Meat 1


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Meat 1

  1. 1. Meat Flesh of animals, birds and their edible internal organs © PDST Home Economics
  2. 2. AVERAGE COMPOSITION Protein Fat Carbs Vitamin Minerals Water 12-20% 5-25% 0% B Iron Phos. 55-70%
  3. 3. Nutritive Value of Meat  Protein, HBV, growth and repair.  Fat, saturated, energy, amount varies with cut and animal  Carbs, none, serve with carbs like bread, rice, pasta  Vitamin B, for release of energy, healthy nervous system  Iron for the blood and phosphorus for bones/teeth.  Water varies he more fat the less water.
  4. 4. Meat lacks:  Carbohydrates  Calcium  C vitamin Serve with  Pasta, rice, potato, bread  Dairy products  Salads or fruit
  5. 5. Value of meat in the diet  Important for protein for growing people  Best possible source of iron  Many types and cuts for a variety of dishes  Some cuts are cheap but nutritious e.g mince, stewing beef, shin beef, lamb shanks.  Red meat is high cholesterol and saturated fat not suitable for people with heart disease.  Meat is not essential it can be replaced by fish, eggs, cheese, lentils and beans, nuts.
  6. 6. STRUCTURE OF MEAT  Meat is the muscle of the animal  Muscle is made of bundles of fibres  The fibres are like hollow tubes and inside there is water with vitamins, minerals, protein and extractives dissolved in it.  The fibres are held together in bunches by tough stuff called connective tissue.  There are fat cell scattered through the connective tissue
  7. 7. Structure of Meat
  8. 8. Tough v’s Tender  In tender meat the fibres are shorter and finer and there is less connective tissue.  In tough meat the fibres are longer and coarser and there is more connective tissue.  Tough meat needs moist slow cooking to make it tender e.g. stewing.  Tender meat can be cooked by frying, grilling or roasting.
  9. 9. Causes of toughness Age The older the animal the tougher the meat Activity Meat from the more active part of an animal is tougher than from a less active part Incorrect Hanging Meat must be hung for a certain length of time or it will go tough. Incorrect cooking method The method must suit the type of meat e.g. slow moist method for tough meat
  10. 10. Tenderising meat  Correct hanging, enzymes tenderise meat  Mincing, breaks up fibres  Beating with meat hammer.  Marinating, soaking in oil, acid and flavouring.  Chemical tenderiser e.g. papain.  Slow moist cooking e.g. stewing
  11. 11. Tenderising meat
  12. 12. Cuts of Beef
  13. 13. Cuts of Lamb
  14. 14. Cuts of pork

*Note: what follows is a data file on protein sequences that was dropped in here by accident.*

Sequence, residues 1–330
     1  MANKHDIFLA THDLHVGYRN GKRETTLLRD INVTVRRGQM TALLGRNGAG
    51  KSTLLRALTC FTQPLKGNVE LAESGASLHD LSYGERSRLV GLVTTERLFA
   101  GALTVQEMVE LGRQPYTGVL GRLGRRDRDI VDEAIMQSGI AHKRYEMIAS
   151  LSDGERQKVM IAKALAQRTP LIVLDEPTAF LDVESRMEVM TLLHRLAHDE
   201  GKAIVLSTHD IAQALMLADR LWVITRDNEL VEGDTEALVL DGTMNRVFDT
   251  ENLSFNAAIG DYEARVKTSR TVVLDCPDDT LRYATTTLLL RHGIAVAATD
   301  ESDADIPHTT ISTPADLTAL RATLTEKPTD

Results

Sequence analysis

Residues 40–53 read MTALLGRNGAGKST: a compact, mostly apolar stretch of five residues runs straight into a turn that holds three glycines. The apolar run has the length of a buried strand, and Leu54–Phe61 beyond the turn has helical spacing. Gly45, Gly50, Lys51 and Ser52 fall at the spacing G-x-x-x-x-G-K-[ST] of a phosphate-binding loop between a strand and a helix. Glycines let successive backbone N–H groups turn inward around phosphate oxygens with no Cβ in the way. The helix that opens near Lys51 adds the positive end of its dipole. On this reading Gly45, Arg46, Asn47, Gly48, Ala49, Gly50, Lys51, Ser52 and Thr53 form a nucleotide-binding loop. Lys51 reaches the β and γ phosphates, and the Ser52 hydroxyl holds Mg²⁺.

15. 15. Buying Meat  Buy meat from clean reliable shop with traceable meat.  Cut should suit cooking method  Avoid too much fat, bone, gristle.  Cheaper cuts just as nutritious as expensive cuts.  Check date stamp on packaged meat
  16. 16. Quality Assured Label  Look out for Quality Assured label on Irish meat
  17. 17. Storing Meat  Remove packaging  Put on clean plate and cover  Refrigerate as soon as possible  Use within 2 days  Store raw below cooked meat
  18. 18. Cooking Meat Reasons for:  Destroy bacteria  Improve flavour  Make it more tender Preparing meat for cooking:  If frozen, defrost slowly in fridge.  Remove excess fat and gristle, wipe with damp kitchen paper.  Weigh meat and calculate the cooking time
  19. 19. Effects of cooking on meat  Protein coagulates, meat fibres squeeze out juices and meat shrinks  Fat Melts  Some vitamin B and amino acids destroyed  Colour changes red to brown  Bacteria destroyed
  20. 20. Accompaniments Meat Accompaniments Roast Pork Apple sauce Roast Duck Orange sauce Roast Beef Horseradish, Yorkshire pudding Roast Lamb Mint Sauce Turkey Cranberry sauce
  21. 21. Offal  Edible internal organs  Liver, kidney, heart, brain, tripe, sweetbread Dishes:  Baked stuffed liver and bacon.  Roast stuffed heart  Beefsteak and kidney pie
  22. 22. Meat Products  Sausages, black & white pudding, hamburger.  Processed cooked meats e.g. salami.  Tinned foods, ravioli, beefsteak & kidney pie, corned beef.  Fats: suet, lard  Gelatine: used to set dishes
  23. 23. Meat Alternatives and Substitutes Textured Vegetable Protein (TVP)  Made from soya beans  Cheaper to produce than meat  Less land needed  Grows in any climate  Contains fibre  No saturated fat.  Useful for vegetarians  Other soya products: milk, quark, tofu
  24. 24. T.V.P.
  25. 25. Meat Alternatives & Substitutes Quorn  Protein food made from micro-organisms e.g. fungi  Cheap to produce  Sold frozen in chunks or like mince and in ready meals like burgers
  26. 26. Quorn